Laura Alix.
John Bestevaar

In the first place, I wouldn’t agree that the system, as a whole, destroys those good people, but there is sometimes a distinct difference in culture between some of the multi-trillion dollar money-center banks and the smaller, community-focused institutions.

The recent Wells Fargo scandal is a good example of that. No bank branch employee should feel like they have to resort to opening phony accounts just to keep their job, but that doesn’t mean that sales or cross-selling are necessarily evil. Many of the banks I talk to take a different (and they feel, more ethical) approach, where they encourage their branch staff to talk to their customers and just listen for clues that might indicate a need, rather than “You need to sell X checking accounts by Friday, regardless of whether or not the customer wants it.”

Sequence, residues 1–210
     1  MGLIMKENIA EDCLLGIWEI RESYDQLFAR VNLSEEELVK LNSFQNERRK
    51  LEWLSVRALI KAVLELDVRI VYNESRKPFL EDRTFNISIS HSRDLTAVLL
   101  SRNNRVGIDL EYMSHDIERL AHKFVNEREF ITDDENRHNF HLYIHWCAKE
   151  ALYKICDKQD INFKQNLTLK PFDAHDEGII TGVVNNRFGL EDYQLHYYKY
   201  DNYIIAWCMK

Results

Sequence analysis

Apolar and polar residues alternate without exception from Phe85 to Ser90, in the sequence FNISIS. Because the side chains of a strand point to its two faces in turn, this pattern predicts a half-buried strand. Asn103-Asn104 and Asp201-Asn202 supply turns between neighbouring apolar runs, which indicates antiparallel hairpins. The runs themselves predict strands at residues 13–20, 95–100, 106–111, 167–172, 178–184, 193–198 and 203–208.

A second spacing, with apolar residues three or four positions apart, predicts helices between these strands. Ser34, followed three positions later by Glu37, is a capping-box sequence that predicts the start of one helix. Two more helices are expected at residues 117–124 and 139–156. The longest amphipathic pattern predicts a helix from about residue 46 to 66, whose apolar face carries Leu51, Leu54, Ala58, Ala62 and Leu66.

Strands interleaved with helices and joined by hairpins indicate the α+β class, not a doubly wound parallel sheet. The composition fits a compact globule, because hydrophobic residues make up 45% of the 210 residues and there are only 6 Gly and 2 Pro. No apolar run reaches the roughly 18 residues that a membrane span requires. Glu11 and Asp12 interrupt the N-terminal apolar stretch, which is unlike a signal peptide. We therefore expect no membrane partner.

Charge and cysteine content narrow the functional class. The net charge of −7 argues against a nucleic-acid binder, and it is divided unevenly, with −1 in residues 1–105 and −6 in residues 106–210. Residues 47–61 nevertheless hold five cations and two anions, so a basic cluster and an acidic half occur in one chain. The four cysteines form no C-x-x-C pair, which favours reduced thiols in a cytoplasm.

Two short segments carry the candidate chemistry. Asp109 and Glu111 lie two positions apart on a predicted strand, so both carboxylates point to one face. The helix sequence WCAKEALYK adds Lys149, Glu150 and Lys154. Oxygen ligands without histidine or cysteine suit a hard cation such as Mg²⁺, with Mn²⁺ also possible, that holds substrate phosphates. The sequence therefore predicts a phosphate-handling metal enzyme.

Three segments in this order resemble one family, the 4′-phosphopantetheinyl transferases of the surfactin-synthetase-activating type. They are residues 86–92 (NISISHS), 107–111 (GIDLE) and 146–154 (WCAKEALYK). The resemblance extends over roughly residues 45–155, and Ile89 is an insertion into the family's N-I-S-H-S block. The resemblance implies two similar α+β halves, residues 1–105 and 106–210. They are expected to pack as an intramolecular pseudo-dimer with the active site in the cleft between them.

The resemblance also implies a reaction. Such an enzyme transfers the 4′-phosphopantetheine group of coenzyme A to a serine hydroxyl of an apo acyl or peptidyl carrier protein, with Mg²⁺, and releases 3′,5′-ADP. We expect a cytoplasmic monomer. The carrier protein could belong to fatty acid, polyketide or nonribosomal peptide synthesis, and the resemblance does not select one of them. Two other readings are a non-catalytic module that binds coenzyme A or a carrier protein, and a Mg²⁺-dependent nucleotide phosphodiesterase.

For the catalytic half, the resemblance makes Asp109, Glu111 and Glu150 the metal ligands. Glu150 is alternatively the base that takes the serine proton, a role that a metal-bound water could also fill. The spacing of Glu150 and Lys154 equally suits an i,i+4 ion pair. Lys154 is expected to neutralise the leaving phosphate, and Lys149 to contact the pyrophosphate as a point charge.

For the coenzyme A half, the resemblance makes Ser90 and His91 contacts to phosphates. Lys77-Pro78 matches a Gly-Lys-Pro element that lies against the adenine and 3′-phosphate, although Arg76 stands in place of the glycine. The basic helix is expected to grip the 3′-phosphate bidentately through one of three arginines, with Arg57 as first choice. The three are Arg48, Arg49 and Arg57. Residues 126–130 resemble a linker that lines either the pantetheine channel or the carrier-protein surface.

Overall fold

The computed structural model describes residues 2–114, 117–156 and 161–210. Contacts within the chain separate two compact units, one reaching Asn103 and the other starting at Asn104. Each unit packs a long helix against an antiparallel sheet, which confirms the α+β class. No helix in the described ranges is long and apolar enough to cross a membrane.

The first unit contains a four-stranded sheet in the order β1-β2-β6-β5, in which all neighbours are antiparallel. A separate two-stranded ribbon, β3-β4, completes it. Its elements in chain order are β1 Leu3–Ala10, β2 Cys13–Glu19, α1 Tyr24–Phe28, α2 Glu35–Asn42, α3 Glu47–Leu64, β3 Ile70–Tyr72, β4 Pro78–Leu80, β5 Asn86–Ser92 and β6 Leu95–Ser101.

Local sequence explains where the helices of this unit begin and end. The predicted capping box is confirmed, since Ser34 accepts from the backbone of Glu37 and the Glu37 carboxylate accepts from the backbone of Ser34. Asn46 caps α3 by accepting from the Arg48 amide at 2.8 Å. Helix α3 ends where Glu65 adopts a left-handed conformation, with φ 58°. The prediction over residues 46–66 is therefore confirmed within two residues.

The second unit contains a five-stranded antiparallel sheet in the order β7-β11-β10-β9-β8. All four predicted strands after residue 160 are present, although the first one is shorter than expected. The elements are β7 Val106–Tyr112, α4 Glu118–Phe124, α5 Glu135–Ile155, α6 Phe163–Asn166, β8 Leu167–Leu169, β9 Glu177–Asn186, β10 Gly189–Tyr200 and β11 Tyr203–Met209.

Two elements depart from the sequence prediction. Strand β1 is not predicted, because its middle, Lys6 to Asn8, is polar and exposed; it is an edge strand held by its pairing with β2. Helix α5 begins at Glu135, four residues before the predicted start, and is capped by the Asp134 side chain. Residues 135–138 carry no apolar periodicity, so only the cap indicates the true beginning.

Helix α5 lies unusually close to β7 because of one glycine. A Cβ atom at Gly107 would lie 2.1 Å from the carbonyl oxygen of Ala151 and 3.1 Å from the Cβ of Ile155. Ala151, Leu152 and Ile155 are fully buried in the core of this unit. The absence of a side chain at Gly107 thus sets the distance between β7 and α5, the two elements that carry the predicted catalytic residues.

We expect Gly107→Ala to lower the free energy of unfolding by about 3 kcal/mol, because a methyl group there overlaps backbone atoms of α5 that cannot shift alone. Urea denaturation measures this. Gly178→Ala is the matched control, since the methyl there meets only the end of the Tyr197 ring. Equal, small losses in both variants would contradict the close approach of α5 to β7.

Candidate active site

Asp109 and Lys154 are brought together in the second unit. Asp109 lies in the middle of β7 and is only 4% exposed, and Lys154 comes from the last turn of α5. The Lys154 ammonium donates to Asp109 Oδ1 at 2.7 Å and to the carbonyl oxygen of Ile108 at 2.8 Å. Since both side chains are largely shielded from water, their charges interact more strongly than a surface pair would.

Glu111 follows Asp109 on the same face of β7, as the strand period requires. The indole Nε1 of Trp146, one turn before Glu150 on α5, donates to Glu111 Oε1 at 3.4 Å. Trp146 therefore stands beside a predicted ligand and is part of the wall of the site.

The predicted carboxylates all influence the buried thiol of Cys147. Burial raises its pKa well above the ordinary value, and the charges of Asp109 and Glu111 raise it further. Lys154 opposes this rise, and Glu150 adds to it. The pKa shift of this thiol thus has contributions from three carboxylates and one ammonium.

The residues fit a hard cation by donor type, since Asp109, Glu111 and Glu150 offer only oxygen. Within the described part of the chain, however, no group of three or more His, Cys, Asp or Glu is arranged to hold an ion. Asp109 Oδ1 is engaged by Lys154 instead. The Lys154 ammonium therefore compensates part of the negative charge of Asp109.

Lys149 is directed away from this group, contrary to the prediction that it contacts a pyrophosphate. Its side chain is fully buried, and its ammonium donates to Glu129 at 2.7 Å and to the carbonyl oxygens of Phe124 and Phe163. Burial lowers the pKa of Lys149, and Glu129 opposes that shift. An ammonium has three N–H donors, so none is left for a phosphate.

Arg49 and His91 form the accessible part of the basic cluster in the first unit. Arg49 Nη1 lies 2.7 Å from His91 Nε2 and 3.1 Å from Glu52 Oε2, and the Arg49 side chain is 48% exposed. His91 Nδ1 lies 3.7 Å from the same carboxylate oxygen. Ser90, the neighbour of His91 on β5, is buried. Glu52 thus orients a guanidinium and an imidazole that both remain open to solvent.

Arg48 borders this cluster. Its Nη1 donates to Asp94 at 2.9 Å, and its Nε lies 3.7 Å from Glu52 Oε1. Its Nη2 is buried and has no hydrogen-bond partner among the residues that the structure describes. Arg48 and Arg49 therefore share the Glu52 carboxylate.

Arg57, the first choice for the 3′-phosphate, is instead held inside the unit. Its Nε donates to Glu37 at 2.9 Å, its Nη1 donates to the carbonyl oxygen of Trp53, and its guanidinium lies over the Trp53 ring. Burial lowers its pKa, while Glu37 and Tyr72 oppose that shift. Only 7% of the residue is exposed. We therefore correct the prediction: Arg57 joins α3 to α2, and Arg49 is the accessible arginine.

In my job, I meet a lot of people who have migrated from those big, quota-driven banks over to community banks, and they welcome the change in expectations from their management. I don’t meet many people who have done the opposite, though as I originally wrote, I’m also talking mainly to community bankers in my work, so that skews my sample.

Moreover, plenty of community bankers manage to carve out a comfortable living without screwing anybody over. I’m not sure I would say the system destroyed them for it, but they also don’t attract a lot of attention for it, either.